* * *
Ideas to be clarified: The seminary is a place where vocations to the priesthood are discerned, discovered, nurtured and fortified (in this order). This is the aim of both the college (philosophical studies) as well as the theological seminaries (theological studies), although we may think that in the former, more emphasis is placed on the first two, while in the latter, on the last two, but without separating all of them.
Effectively, young men (most of whom have just finished high school) feel an inclination or a certain attraction to the priesthood or religious life, which usually is a first sign of priestly vocation, though not an exclusive one. (I know of some vocation history of priests who, at first, felt repulsion at the idea of entering the seminary, but ended up being ordained). Moved by such attraction, they decide to enter the seminary with the aim of discerning more clearly what the Lord wants of them. In the seminary, they receive a formation apt to this objective: to discern and nurture their vocations to the priesthood.
I always understand this experience as something comparable to that phase in romantic relationships that we call physical attraction and courtship. Young men who are inclined more to married life (in contrast to the example above) find gorgeous girls and propose plans to court them, with an analogous objective: to discern (if this is real love) and to nurture it (if it is true love) in order to bring it to completion in marriage.
* * *
In a word, seminary formation and romantic relationships are both preparations to two different but correlated life vocations: priesthood and married life. Correlated, I said, because thanks to the parents, we have priests. And thanks to priests, we have sacramentally married couple. If seminarians inclined to priesthood prepare themselves in the seminary for their future priestly ministry, young men inclined to married life prepare themselves through courtship and romantic relationships, for their future married life.
In both preparations, two requirements are essential in order to achieve the goal of each: commitment and sincerity. Those who decide to enter the seminary to discern and nurture their priestly vocations commit themselves to such a goal and responsibility by being sincere to themselves (to their decision), to God (Who they believe calls them) and to others (their bishops, formators, parents, benefactors and friends). The same commitment and sincerity are required in a romantic relationship. Once the girl perceives that the guy is insincere and is not committed to the relationship, a break-up would surely ensue (unless both are only up to a mere fling).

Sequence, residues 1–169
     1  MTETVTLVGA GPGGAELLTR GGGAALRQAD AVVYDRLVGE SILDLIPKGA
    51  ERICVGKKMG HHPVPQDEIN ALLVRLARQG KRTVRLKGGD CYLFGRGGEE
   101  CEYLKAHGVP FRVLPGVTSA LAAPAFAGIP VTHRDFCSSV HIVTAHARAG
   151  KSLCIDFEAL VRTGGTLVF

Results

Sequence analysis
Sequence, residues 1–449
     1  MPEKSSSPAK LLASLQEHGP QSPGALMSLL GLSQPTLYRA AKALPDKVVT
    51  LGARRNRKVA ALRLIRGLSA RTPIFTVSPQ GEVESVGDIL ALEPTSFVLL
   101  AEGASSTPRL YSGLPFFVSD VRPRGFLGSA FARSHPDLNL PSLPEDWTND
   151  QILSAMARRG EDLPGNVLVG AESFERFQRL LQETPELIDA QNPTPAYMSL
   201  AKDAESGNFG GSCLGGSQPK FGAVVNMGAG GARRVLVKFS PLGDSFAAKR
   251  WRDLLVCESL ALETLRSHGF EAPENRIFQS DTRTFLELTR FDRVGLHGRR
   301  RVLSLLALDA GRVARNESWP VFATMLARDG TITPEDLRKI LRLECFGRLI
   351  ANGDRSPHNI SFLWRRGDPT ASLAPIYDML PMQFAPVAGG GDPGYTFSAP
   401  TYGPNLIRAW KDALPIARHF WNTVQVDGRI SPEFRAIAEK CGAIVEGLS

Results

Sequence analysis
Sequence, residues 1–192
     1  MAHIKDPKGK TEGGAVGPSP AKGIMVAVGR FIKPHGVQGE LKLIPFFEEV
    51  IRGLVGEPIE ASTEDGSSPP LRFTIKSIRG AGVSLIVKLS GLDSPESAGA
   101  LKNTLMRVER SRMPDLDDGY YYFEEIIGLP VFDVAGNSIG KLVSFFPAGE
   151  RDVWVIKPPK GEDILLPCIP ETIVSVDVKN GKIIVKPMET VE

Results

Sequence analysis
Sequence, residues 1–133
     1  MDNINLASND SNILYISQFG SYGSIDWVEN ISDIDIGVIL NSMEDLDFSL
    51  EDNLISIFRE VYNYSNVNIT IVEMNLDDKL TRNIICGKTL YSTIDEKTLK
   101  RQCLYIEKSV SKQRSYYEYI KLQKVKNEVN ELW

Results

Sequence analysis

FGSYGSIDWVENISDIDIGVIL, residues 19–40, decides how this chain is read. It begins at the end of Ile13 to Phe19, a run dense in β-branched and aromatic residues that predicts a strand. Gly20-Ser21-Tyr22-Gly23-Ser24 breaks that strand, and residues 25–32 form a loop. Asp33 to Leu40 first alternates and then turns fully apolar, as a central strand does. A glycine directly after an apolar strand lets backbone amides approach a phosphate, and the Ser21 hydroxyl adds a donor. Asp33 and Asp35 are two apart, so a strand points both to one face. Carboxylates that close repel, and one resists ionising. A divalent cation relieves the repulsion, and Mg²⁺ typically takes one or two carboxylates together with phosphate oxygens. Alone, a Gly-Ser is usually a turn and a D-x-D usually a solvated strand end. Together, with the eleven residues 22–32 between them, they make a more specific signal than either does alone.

Now the questions: What if the young lad who is inclined to the priestly vocation is the same young man who is courting a girl? In other words, is it admissible for a seminarian to court a girl and, consequently, maintain a romantic relationship with her? Is it possible to be committed genuinely to the attainment of the goals of priestly formation and, at the same time, be committed honestly to the goals of courtship and romantic relationships?
* * *
If you are keen enough, you’d notice that in the first question, I employ the term admissible while in the second, possible. The answers to both are obvious. It is NOT ADMISSIBLE that a seminarian should court and maintain a romantic relationship with a girl simply because it is NOT POSSIBLE to be committed and sincere to both goals – those of the priesthood and those of the romantic relationships. In other words, a seminarian could not be committed and sincere to both his priestly formation and his girlfriend. As simple as that!
Partly, this explains my answer to the question at the outset. Not without reason the seminary prohibits that seminarians should have a girlfriend. It is not merely an arbitrary prohibition. It is something that is based on the order of things, on clear ideas and principles.
My letter sender mentioned some objections like: “Bawal bang magmahal ang isang seminarista?”, “Having a girlfriend is also formative for a seminarian” or “When a seminarian says ‘I love you’ to a girl, is he courting her?” I’m afraid we need to wait for other occasions to reflect on these questions.